The DfE’s policies in response to COVID19, while promising much-needed reforms and support, seem to fall through at the final hurdle of actual delivery. This does no favours for parents, teachers or pupils, thus the revival and solid implementation of the scheme is vital on all accounts. Chancellor Rishi Sunak’s decisive and speedy introduction of the Job Retention Scheme for a suddenly precarious workforce was widely welcomed, and a similar mentality and pragmatism must now be mirrored by the DfE.
A final task for government is to end the artificial ‘ring-fencing’ of school funding for future years. For a sector that is so vital for economic recovery and growth, it must be given the respect it deserves in post-lockdown society. An education system that has eradicated the need for four-day working weeks will allow the full re-entry into employment for parents across the country, while bolstering the service provided to children for years to come. For such an essential part of society’s functioning, the comprehensive education system has been let down for too long to be mistreated and underfunded any further.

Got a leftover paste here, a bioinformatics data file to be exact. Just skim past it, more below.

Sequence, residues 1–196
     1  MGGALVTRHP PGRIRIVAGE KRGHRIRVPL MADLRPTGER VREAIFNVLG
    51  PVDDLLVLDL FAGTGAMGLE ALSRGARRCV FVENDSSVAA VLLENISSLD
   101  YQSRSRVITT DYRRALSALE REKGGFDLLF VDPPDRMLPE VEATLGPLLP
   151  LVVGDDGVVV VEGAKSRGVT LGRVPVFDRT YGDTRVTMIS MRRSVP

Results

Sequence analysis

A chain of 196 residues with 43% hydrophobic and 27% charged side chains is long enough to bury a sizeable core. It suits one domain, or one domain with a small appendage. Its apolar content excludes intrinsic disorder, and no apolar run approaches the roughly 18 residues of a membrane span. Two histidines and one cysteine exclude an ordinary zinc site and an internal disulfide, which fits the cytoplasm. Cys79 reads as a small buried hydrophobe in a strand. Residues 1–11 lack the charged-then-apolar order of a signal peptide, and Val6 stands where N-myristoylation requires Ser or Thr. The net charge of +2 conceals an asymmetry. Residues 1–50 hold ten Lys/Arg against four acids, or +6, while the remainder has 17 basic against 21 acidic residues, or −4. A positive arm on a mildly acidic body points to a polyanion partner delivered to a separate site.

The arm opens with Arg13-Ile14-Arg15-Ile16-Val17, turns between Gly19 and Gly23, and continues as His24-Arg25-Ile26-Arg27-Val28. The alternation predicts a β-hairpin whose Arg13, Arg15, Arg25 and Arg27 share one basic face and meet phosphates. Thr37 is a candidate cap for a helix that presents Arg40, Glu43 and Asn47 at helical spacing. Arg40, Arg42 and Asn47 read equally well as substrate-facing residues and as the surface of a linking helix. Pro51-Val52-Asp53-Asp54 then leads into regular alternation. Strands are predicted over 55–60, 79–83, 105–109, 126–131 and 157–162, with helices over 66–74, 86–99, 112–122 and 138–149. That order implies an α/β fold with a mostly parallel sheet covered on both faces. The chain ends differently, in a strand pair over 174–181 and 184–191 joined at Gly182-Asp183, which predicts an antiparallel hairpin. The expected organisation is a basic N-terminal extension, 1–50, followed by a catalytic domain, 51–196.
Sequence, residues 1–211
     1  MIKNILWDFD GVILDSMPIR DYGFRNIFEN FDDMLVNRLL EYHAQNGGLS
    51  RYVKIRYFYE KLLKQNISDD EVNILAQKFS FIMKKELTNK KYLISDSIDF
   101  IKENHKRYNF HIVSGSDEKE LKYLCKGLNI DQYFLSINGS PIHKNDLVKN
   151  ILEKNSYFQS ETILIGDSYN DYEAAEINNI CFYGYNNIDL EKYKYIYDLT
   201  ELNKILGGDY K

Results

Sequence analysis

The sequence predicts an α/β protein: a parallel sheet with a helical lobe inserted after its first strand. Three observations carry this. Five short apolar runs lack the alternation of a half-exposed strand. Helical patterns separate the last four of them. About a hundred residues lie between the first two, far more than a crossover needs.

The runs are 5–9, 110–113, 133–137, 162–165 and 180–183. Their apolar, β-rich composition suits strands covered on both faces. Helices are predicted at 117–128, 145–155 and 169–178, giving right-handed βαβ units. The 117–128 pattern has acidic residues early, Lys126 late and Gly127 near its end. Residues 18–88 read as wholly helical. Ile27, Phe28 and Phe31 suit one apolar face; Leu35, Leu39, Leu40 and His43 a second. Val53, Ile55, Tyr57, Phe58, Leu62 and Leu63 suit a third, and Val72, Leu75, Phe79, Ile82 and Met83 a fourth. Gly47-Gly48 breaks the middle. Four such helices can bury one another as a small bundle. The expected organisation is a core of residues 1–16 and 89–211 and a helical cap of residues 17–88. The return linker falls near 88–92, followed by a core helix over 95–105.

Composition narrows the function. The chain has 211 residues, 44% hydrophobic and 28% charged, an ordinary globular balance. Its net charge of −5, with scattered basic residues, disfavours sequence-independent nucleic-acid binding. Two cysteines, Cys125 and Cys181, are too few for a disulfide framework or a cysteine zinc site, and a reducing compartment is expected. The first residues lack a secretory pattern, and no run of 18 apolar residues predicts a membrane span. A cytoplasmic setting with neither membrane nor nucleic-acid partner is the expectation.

Nevertheless, the application of these policies will be underpinned by the government’s wider management of the pandemic. At this critical stage of the lockdown, where daily infections and deaths are slowly reducing, it would be a huge mistake to fully reopen the economy, or the education sector, too hastily.
The government must therefore be willing to compromise with unions and opposition alike, not only for the sake of cooperation, but also due to their poor handling of the crisis generally. Their record is nowhere near strong enough to justify executive decision-making, nor do the public need more confusion and uncertainty in such a vital period of the crisis. The time between now and September will be crucial for the nation’s recovery from the pandemic, and it will be the outcomes of the re-opening of education that will define the success, or failure, of the government’s economic revival in the years to come.